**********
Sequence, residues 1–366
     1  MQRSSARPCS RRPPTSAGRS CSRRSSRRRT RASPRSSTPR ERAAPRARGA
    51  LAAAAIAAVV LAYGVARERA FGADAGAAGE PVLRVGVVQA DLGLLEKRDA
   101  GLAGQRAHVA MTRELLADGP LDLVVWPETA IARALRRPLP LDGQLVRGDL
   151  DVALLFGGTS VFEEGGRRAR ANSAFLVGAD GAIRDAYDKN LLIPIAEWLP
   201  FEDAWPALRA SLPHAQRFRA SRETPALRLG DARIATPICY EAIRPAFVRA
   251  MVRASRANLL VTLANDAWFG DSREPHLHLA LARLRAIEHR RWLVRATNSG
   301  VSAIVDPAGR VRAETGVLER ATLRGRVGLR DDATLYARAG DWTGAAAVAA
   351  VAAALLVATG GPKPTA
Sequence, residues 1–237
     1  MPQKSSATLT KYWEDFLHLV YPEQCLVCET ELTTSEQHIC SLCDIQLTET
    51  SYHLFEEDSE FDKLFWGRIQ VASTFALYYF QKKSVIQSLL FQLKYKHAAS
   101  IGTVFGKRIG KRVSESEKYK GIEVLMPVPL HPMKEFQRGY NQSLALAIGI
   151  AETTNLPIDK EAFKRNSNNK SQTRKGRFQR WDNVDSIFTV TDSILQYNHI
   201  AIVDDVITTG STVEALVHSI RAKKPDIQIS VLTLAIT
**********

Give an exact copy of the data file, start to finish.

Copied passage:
Sequence, residues 1–366
     1  MQRSSARPCS RRPPTSAGRS CSRRSSRRRT RASPRSSTPR ERAAPRARGA
    51  LAAAAIAAVV LAYGVARERA FGADAGAAGE PVLRVGVVQA DLGLLEKRDA
   101  GLAGQRAHVA MTRELLADGP LDLVVWPETA IARALRRPLP LDGQLVRGDL
   151  DVALLFGGTS VFEEGGRRAR ANSAFLVGAD GAIRDAYDKN LLIPIAEWLP
   201  FEDAWPALRA SLPHAQRFRA SRETPALRLG DARIATPICY EAIRPAFVRA
   251  MVRASRANLL VTLANDAWFG DSREPHLHLA LARLRAIEHR RWLVRATNSG
   301  VSAIVDPAGR VRAETGVLER ATLRGRVGLR DDATLYARAG DWTGAAAVAA
   351  VAAALLVATG GPKPTA
Sequence, residues 1–237
     1  MPQKSSATLT KYWEDFLHLV YPEQCLVCET ELTTSEQHIC SLCDIQLTET
    51  SYHLFEEDSE FDKLFWGRIQ VASTFALYYF QKKSVIQSLL FQLKYKHAAS
   101  IGTVFGKRIG KRVSESEKYK GIEVLMPVPL HPMKEFQRGY NQSLALAIGI
   151  AETTNLPIDK EAFKRNSNNK SQTRKGRFQR WDNVDSIFTV TDSILQYNHI
   201  AIVDDVITTG STVEALVHSI RAKKPDIQIS VLTLAIT